# Can we represent the interior of a polygon as the graph of a continuously differentiable function?

Let $P$ be a polygon in $\mathbb R^3$. Can we find an open set $U\subseteq\mathbb R^2$ and a continuously differentiable function $f:U\to\mathbb R$ such that $$\text{int}(P)=\left\{\left(x,f(x)\right):x\in U\right\}\;?$$ The polygon can be assumed to be "drawable in 2D" and we can assume, that its edges do not cross.

• By a polygon in $\mathbb{R}^3$, do you mean a polygon in $\mathbb{R}^2$ where $\mathbb{R}^2$ is included in $\mathbb{R}^3$ as a hyperplane? And I'm assuming you don't want to include the edges. – Eric Auld Nov 9 '15 at 16:05
• @EricAuld Yes, the polygon should be "drawable in 2D" and there should be no crossings of the edges. In fact, It doesn't matter to me whether or not the edges (the boundary) are (is) included or not, but I didn't expect to find an open $U$ if the boundary is included. – 0xbadf00d Nov 9 '15 at 16:08
• @0xbadf00d: You should add that to the question. – copper.hat Nov 9 '15 at 16:10

If I understand your question correctly, then yes. A hyperplane in $\mathbb{R}^3$ is the graph of a linear function of two variables on some of the coordinate axes. That is, the projection operator that takes one of the variables to zero will be a diffeomorphism. The catch is that you can't always choose the same projection operator for each hyperplane. For instance, the hyperplane $z=2$ can't be diffeomorphically projected onto anything but the $xy$ plane. (That is, project "along the $z$ axis").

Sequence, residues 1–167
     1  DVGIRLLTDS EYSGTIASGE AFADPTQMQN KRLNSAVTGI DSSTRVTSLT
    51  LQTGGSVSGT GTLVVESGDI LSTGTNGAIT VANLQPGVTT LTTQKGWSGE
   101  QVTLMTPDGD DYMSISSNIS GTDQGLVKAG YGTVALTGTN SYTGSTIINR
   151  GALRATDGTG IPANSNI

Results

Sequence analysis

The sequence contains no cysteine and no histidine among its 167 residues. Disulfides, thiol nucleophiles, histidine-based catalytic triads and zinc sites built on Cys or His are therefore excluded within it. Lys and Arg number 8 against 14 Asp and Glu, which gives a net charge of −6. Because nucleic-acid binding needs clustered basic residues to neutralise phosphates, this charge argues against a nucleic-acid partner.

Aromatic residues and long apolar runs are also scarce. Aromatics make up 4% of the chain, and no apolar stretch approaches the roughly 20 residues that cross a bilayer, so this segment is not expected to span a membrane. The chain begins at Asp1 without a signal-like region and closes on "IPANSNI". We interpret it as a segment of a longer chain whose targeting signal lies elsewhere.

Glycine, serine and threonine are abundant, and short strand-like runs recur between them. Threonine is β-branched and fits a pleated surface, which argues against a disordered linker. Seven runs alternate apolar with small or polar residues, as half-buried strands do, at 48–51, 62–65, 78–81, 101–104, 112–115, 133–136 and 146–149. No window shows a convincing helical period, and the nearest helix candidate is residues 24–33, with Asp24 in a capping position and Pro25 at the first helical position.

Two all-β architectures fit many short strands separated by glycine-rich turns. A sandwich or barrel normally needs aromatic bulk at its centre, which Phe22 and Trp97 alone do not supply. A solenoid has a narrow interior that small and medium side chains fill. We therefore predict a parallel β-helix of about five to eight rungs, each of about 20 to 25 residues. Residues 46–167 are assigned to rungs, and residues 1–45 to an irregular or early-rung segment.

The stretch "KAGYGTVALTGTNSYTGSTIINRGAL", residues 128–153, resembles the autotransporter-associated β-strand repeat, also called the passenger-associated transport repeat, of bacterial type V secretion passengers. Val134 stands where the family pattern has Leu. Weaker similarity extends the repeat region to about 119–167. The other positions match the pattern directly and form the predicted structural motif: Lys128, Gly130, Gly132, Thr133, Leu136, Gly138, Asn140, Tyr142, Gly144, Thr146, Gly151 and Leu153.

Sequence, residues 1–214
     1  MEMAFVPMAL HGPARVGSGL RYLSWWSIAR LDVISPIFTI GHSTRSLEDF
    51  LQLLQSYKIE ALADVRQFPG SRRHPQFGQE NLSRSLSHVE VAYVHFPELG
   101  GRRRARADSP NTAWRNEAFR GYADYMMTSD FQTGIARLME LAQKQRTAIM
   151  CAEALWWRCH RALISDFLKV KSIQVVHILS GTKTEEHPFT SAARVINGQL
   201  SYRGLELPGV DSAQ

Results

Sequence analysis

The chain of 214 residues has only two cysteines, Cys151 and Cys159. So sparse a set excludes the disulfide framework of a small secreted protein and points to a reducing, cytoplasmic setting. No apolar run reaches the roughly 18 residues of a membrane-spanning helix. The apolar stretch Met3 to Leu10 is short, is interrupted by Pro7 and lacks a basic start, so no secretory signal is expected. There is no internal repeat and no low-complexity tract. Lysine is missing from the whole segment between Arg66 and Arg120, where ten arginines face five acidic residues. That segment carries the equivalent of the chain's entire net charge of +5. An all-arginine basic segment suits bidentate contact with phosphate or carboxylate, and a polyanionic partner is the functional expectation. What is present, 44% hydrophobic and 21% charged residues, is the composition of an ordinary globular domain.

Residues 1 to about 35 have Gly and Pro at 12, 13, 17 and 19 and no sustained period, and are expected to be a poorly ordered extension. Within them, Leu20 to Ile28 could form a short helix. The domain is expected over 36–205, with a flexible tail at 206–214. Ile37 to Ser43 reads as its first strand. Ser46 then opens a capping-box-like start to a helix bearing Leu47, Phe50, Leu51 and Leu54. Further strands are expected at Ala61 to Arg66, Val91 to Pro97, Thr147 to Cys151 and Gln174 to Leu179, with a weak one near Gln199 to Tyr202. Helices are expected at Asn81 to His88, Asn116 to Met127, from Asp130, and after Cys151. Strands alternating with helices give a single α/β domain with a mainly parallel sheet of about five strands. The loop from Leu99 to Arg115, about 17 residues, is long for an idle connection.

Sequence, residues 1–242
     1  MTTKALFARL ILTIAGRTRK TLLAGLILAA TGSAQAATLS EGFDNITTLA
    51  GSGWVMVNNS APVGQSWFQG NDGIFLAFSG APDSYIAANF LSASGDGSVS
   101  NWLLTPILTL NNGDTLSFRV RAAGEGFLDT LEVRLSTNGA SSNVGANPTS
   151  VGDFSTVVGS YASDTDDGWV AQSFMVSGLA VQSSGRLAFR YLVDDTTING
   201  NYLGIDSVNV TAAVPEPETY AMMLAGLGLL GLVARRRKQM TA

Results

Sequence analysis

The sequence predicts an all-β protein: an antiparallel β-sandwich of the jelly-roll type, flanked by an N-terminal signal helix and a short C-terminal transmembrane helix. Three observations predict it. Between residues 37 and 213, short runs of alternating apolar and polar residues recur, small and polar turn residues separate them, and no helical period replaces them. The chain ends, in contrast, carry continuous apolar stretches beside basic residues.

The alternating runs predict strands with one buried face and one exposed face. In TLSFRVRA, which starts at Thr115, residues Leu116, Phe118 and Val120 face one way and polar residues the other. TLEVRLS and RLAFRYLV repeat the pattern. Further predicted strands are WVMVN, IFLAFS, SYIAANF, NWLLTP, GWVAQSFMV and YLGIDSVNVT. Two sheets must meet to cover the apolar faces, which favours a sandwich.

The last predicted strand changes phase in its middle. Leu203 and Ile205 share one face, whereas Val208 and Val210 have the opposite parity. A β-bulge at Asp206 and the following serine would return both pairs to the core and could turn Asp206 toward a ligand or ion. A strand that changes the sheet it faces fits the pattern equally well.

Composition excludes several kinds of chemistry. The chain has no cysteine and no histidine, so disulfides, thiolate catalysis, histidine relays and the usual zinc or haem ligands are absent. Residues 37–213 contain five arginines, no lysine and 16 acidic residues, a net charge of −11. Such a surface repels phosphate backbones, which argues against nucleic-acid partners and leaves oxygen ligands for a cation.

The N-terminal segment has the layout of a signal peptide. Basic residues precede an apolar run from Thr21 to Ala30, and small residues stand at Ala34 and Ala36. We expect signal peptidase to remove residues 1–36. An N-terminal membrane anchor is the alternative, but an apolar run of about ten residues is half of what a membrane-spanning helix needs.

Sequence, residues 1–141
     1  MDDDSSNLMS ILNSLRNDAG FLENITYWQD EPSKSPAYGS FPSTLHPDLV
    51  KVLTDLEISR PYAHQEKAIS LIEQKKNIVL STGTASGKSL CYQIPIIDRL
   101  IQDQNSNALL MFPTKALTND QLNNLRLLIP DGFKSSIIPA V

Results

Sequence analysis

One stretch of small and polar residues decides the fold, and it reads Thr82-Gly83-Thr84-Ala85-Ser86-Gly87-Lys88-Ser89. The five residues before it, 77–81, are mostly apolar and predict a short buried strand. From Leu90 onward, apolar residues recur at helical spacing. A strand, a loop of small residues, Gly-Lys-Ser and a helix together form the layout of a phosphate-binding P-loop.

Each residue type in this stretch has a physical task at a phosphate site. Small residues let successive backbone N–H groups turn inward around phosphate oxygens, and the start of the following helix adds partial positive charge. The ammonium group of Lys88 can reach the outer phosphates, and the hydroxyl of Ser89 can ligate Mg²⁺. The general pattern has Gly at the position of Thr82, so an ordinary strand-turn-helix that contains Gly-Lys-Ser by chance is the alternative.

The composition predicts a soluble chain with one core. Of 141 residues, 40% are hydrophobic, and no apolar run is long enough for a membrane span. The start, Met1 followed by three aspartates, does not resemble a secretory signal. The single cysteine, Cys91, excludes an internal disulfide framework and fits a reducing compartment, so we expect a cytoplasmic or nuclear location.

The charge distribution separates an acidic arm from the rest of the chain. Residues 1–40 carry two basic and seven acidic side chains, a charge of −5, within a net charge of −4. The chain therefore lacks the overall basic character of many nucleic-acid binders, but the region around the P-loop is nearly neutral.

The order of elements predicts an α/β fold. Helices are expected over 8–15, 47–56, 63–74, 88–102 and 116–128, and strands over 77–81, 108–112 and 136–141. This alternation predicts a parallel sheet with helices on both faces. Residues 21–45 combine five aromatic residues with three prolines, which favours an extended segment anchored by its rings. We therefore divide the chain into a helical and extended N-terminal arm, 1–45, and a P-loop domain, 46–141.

To find the right projection operator, consider a vector $v \in \mathbb{R}^3$ orthogonal to the hyperplane, and project along any axis where $v$ doesn't have zero component in that direction.

Now just find the right projection operator $\pi$, and your polygon $P$ will be a graph of the linear function on $\pi(P) \subset \mathbb{R}^2$. Projections are open maps, so if you start with an interior of a polygon, $\pi(P)$ will be open.

Example: If $(0,0,0)$, $(1,1,0)$, $(1,1,1)$ is the polygon (triangle) given to me, I notice that it lies in the simple hyperplane given by $\{(x,y,z) \mid x - y =0 \}$. In other words, an orthogonal vector to this hyperplane is $(1,-1,0)$. That means I can choose to project along either the $x$ or $y$ axes and obtain a diffeomorphism. If I project along the $x$ axis, I find that my polygon is the graph of the triangle $(0,0)$, $(1,0)$, $(1,1)$ in the $yz$ plane.

• Can you provide an example for the case when $P$ is a triangle given by its vertices $a,b,c\in\mathbb R^3$? – 0xbadf00d Nov 9 '15 at 16:10
• Let $U=\{(x_1,x_2)| x_k >0, x_1+x_2 <1 \}$, $f(x) = x_1 a + x_2 b + (1-x_1-x_2) c$. – copper.hat Nov 9 '15 at 16:15
• @copper.hat This is related to Barycentric coordinates, isn't it? Can we extend this to an arbitrary polygon? – 0xbadf00d Nov 9 '15 at 16:20
• Can we extend this to $P$, i.e. find an $f$ such that $P$ (not only its interior) is the graph of $f$? Given @copper.hat's solution, I assume not, since then $U$ would not be open. – 0xbadf00d Nov 9 '15 at 16:23
• @0xbadf00d Why do you want it to be the graph of an open set in particular? – Eric Auld Nov 9 '15 at 17:34